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Stay Tuned! Biz Times on Showa Boston Blog by TEE XIN YEE

Hi again! It’s me, S.Maeda.
This entry is not as usual. In English? Sure. In addition, this blog entry introduces another BLOG, Showa Boston Blog. Do you know “Biz Times” series written by TEE XIN YEE, sophomore student of our department? They are very very unique and interesting, telling you many aspects of Showa Boston as well as life and study in Boston.

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Followings are some conversations with “The Editor of Biz Times”, TEE XIN YEE via e-mail. They help you understand how she started Biz Times, concept of the series, etc.

BTW, she is going to update another entry soon. STAY TUNED Biz Times!

—Why have you started these entries? Your entries started during last semester in Boston. Any suggestion from Boston faculty or officer, or did you start voluntary basis ?

XIN Tom–our writing teacher in Boston was the most important people who supported the Biz Times. I was inspired by him and we created our first issue during my Jumpstart session in Boston. Before the Biz Times, there were some news issues that created by students in the past. Some of them were published years ago!
At the very beginning, Tom suggested me to find a partner to work on Biz Times together and he recommended Natsumi Hara. I invited her to join me for Biz Times as a editor.

The reason why we started Biz Times was to provide a platform for students to share their experiences abroad and at the same time to share Boston information with people in Tokyo.

In Boston, we published 3 issues. 2 of them was students articles and 1 interview issues. We have Biz Times as paper base, Biz Times blog and we also upload our article to Showa Boston’s blog.

And before we came back from Boston, I have promised Tom to continue the Biz Times and to create a bridge between Showa Boston and Showa Tokyo with it. So I have been looking for ways to continue the Biz Times.

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—Please tell us each concept of Biz Times and Biz Times Students Interview Beyond Boston.

XIN I think I have mentioned some of the concept of Biz Times, which is to encourage students to talk about their life and to practice English if they would like to. For example, Ayaka Shiratori and Mayuko Yoda have been a very active writer for Biz Times and they always insisted to write in English. Other than that, I personally love the interview section the best. Because I have learned a lot from all the interviewees, the experiences were priceless for me.

As for students interviews, I would like to know how much could studying abroad change someone. I know many students have many goals to meet in Boston. I wonder if they achieved what they wanted, but it is very exciting to see how someone changed. And I think it also helps the teachers see how students think about their life in Boston.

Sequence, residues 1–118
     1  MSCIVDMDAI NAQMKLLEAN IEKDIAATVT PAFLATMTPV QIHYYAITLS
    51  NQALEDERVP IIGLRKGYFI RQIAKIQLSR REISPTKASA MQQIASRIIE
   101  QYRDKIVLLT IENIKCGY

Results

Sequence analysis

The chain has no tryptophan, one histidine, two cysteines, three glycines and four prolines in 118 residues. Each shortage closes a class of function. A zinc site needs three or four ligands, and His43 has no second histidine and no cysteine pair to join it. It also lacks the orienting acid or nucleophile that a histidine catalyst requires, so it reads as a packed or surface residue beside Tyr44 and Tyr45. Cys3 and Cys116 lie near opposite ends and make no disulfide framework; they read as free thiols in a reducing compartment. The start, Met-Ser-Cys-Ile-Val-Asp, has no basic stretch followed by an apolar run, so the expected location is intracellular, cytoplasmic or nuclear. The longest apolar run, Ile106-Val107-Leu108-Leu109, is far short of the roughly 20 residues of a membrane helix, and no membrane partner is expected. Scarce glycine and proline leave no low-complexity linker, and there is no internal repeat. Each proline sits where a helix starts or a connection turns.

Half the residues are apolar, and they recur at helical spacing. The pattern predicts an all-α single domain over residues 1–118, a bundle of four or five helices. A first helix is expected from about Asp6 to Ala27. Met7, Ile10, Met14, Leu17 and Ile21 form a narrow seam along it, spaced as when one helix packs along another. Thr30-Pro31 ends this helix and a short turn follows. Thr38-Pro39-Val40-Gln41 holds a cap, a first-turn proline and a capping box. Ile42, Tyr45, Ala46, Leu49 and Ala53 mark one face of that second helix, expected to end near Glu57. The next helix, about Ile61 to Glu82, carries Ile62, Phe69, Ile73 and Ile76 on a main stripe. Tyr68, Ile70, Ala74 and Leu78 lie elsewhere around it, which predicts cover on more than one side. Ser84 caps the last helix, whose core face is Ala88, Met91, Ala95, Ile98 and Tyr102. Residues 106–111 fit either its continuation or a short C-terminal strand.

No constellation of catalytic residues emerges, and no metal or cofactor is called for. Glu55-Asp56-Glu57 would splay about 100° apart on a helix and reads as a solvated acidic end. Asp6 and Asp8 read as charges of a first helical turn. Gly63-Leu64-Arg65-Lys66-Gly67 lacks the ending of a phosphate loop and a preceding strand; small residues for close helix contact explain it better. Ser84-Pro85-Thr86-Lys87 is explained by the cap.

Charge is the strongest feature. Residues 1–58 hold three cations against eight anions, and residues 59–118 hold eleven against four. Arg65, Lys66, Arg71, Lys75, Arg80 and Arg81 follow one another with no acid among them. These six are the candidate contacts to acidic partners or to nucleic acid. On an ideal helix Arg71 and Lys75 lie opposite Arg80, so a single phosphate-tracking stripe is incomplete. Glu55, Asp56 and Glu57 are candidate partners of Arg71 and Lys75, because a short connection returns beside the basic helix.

—You speak several languages and have excellent verbal skill. When you think about complicated issues like some difficult assignments, which language comes up to your brain, Pekingese, Cantonese or any other language ?

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XIN Emm… this is a tough question. First of all, I think I am not good enough for language, at all. In the past, if I needed to think deeply about a topic, Chines (usually Pekingese) would first come to my mind. Because it was my native language. However, especially after I came back from Boston, I do not feel that I am thinking some difficult topic in any specific languages. I used to be very uncomfortable speaking Japanese and English because I think I am not good at both of them, I feel embarrassed to make any mistakes. But in Boston, I think I have gained confidence about my language. I still think that I am not perfect, but what I matter more is the message that I am trying to tell people.

As I became more confident in languages, I think I started to use all of them in my mind no matter what I think about. But sometimes, I will feel difficult to come out with precise words in the language that I need to use. For example, when I need to say the word “金融” in Japanese, I could not remind myself the word in Japanese and all I can think about is “finance” or in other languages. Which are very confusing sometimes.

One more thing, whenever I read a book,I will imagine that I read it out in my mind, in the correct language. What I mean is, when I am reading a book which was written by a Hong Kong writer, I will “read” it out in mind in Cantonese, not Pekingese. They both write in Kanji (Chinese character), but still I always insist to read in the right language. I think that is one of my tips learning languages?

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